Have you ever wondered why it can be really, really difficult to create a good habit?
You might have a bunch of good habits you’d like to add to your routine:
- Organizing your to-do list the night before so you’re not scattered in the morning.
- Exercising every day so your muscles don’t turn into mush.
- Blogging regularly so your readers know your business is still open.
- Calling your mother so she doesn’t think you’re dead in a ditch somewhere.
- Flossing your teeth for real so you can stop lying to your dentist.
But sticking to a new habit can feel impossible when we’re already stuck in our old ways.
Our neural pathways become used to doing things a certain way. These pathways are like well-worn groves in a walking trail through the woods. It’s not an easy journey if you hop off the path.
Creating new good habits means your brain has to create new pathways, and that takes time and effort…something most of us don’t have when we want something yesterday.
For a while, I had a problem of diving into my emails as soon as I got up before taking the time to set my intention for the day, look over my goals list, or meditate.
I’d get so caught up in replying to clients or watching funny cat videos that I’d completely blow off my self-care.
Now I meditate every morning because I found a better way to train my brain to accept this good habit.
I use a trigger habit.
What’s a Trigger Habit?
You know how people who have an exercise buddy workout more often than people who go it alone? Well, linking your new habit with a “buddy” will help you stick to it.
You already have tons of habits that are ingrained into your routine. I assume you do many of the same things every day such as brush your teeth, drive to work, check your emails, eat lunch, etc.
To create a new good habit, use an existing habit to “trigger” it.
For example, I linked my new habit of meditating every morning with brushing my teeth. As soon as I put my toothbrush back in its holder, I go to my office and meditate for 5 minutes.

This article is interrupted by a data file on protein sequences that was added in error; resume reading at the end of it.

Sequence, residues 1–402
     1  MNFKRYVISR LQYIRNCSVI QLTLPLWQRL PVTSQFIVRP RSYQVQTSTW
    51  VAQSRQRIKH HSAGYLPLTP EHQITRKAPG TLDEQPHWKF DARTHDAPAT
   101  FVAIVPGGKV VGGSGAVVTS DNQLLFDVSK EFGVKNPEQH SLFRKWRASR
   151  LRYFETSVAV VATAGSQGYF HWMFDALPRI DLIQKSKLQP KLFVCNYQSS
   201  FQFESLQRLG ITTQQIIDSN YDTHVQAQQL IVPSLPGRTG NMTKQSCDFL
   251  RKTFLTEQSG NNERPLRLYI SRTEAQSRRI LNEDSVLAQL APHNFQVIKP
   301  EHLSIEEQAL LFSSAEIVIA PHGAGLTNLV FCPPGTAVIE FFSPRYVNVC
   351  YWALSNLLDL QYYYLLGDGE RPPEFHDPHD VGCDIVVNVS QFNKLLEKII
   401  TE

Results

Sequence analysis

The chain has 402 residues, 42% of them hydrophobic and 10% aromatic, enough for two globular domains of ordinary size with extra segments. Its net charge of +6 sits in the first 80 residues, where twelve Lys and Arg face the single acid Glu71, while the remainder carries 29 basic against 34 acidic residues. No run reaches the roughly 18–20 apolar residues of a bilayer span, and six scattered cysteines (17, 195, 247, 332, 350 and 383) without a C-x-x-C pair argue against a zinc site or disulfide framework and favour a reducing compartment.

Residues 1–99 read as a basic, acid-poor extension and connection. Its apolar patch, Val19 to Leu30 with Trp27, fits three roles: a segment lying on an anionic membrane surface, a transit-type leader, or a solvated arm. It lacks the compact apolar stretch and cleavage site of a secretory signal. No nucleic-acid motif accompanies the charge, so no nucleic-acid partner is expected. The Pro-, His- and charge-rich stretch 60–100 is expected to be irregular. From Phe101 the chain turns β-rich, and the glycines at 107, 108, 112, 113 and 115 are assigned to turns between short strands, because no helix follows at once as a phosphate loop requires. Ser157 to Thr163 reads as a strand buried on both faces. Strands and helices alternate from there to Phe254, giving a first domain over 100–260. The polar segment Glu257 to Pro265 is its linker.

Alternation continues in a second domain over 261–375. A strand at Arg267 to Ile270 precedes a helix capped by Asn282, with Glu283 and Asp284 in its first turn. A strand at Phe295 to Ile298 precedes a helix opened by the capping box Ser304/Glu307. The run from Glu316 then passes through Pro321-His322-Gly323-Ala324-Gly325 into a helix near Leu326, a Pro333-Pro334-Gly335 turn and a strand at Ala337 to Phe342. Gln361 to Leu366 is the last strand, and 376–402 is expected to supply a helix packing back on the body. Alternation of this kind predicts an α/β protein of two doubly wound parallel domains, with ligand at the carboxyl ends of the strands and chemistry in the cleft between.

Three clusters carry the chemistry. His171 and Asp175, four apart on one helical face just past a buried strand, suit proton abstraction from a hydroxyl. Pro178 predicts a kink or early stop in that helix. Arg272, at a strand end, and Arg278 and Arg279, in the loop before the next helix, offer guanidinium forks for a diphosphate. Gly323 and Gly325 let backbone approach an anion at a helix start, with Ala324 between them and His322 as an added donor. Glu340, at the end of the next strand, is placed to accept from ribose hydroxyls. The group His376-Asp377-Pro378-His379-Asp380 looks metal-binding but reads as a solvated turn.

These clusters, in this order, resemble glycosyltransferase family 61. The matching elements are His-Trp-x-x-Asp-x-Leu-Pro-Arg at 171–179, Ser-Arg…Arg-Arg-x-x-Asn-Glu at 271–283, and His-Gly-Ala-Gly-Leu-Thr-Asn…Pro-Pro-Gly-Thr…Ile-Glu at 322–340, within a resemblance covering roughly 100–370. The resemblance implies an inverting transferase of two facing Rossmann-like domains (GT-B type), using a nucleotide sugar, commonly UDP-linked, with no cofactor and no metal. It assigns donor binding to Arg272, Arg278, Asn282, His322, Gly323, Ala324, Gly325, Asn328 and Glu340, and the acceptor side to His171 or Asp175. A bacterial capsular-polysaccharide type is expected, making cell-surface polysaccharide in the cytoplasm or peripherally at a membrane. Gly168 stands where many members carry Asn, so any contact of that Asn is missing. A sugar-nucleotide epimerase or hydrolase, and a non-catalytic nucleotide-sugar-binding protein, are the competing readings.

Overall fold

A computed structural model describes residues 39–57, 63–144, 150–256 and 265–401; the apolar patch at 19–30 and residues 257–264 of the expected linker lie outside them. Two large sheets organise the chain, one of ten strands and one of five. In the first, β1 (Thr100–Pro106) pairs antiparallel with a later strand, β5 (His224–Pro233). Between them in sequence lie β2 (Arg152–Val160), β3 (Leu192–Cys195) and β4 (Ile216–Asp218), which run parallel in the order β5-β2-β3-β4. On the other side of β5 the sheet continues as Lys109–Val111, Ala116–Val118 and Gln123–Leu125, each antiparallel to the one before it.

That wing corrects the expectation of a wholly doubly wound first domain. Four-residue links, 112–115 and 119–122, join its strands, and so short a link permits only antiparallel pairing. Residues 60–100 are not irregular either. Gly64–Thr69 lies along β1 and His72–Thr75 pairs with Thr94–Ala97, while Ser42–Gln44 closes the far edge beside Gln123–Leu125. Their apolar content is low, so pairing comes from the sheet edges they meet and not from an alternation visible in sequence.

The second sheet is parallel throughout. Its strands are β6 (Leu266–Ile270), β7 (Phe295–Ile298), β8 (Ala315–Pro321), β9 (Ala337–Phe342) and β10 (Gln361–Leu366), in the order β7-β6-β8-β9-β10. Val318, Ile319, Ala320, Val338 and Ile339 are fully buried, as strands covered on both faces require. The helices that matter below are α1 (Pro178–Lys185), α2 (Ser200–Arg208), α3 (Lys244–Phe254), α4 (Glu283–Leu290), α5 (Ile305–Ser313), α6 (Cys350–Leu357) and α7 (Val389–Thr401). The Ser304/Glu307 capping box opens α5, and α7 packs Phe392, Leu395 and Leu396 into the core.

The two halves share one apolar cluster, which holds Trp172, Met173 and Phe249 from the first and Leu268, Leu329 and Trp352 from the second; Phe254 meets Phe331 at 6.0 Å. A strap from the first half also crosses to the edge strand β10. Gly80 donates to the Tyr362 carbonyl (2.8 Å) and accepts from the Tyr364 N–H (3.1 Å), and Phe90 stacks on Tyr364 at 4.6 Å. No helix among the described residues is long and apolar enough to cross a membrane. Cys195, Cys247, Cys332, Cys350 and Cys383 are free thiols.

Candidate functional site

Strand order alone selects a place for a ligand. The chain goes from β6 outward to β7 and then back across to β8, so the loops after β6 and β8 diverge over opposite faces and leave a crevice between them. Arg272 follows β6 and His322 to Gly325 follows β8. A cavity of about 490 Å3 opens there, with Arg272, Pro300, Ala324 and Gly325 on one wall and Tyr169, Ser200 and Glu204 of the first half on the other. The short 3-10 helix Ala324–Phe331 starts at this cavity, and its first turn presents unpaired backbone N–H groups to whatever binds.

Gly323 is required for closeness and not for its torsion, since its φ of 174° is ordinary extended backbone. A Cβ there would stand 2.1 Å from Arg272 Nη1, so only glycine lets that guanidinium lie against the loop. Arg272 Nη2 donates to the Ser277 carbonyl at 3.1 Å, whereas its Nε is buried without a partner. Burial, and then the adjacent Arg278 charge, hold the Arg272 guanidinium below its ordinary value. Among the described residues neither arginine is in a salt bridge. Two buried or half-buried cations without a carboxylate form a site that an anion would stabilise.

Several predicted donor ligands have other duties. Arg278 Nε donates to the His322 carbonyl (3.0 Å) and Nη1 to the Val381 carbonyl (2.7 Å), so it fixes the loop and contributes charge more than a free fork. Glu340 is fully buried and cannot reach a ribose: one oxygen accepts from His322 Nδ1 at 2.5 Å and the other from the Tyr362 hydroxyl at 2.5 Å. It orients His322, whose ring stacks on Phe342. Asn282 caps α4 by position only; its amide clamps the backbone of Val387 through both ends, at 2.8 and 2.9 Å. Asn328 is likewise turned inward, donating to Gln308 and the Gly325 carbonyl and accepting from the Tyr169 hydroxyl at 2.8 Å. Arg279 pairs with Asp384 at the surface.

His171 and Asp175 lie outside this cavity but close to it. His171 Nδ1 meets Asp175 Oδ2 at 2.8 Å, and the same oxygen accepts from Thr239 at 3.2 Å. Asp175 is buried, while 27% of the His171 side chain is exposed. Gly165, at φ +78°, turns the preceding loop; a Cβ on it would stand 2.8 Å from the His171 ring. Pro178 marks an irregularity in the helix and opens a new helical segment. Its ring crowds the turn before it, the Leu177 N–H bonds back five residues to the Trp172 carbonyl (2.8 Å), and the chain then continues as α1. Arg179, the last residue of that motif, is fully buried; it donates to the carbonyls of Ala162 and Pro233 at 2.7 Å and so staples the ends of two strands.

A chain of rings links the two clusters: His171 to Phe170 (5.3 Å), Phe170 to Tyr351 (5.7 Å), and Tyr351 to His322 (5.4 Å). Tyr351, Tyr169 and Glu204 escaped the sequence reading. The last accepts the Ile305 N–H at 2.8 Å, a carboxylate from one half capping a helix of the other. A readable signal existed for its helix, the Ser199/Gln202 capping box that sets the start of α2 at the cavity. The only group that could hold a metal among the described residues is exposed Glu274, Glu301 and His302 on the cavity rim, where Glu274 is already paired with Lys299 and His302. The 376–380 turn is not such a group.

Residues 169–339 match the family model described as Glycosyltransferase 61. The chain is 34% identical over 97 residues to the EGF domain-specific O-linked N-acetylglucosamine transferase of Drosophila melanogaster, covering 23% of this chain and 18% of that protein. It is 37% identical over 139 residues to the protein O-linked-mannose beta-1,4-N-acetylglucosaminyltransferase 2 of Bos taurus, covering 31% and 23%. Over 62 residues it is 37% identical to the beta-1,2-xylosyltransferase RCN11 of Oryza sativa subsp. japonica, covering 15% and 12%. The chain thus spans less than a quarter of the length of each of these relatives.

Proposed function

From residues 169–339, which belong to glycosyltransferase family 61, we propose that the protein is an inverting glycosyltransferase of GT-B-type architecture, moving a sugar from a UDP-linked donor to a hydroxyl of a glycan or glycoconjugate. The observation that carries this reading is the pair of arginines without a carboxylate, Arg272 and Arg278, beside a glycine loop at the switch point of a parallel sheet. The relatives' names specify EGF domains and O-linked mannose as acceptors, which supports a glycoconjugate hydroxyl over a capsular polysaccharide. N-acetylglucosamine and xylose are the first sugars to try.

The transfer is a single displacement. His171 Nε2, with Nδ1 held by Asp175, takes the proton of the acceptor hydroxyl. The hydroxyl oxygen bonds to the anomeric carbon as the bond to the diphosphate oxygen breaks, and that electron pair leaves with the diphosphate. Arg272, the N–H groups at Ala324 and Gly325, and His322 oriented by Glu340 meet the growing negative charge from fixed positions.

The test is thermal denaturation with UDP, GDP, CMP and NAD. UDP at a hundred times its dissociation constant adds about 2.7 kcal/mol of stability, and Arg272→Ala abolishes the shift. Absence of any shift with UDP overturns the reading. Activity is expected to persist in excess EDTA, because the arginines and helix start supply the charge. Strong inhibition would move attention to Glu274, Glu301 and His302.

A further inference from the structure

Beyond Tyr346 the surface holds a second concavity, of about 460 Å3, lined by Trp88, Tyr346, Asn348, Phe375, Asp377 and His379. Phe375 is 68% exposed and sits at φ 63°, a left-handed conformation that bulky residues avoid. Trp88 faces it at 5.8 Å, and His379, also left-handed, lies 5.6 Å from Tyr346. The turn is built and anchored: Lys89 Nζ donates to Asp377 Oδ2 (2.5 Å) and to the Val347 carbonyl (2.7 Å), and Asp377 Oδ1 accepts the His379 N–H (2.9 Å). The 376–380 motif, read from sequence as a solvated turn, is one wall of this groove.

I was already doing one habit at that time (brushing my teeth) so it was easier to add in another habit at the same time (meditating). Now I feel more centered every morning without getting distracted by my emails.
Your Trigger Habit
Here’s how to set up your trigger habit:
- Think about the new habit you want to create and the time of day you’d like to do it.
- Find another activity you do at that same time. Choose one that is so ingrained in your routine that you do it on autopilot.
- Link the new habit to the old one by doing it immediately after the familiar activity. The old one will trigger the new one.
After a few weeks, new neural pathways will be formed in your brain so the new habit will be a seamless part of your routine without you having to struggle to do it.
That’s the wonderful thing about triggers! (‘cuz triggers are wonderful things…)
What new habit are you trying to create?
In the comments below, share the good habit you want to create and the familiar trigger habit you’re going to link it to.
This post focuses on Step 3 of the Life Editing Process, Add Good Habits and Routines. For more about life editing and what it can do for you, click here.
The Editor’s Toolkit
- Free Workshop: 3 Simple Steps to Become a Productivity Superstar
- 25+ Printable Worksheets
- 6 Life Editing Ebooks
- My Favorite Books and Resources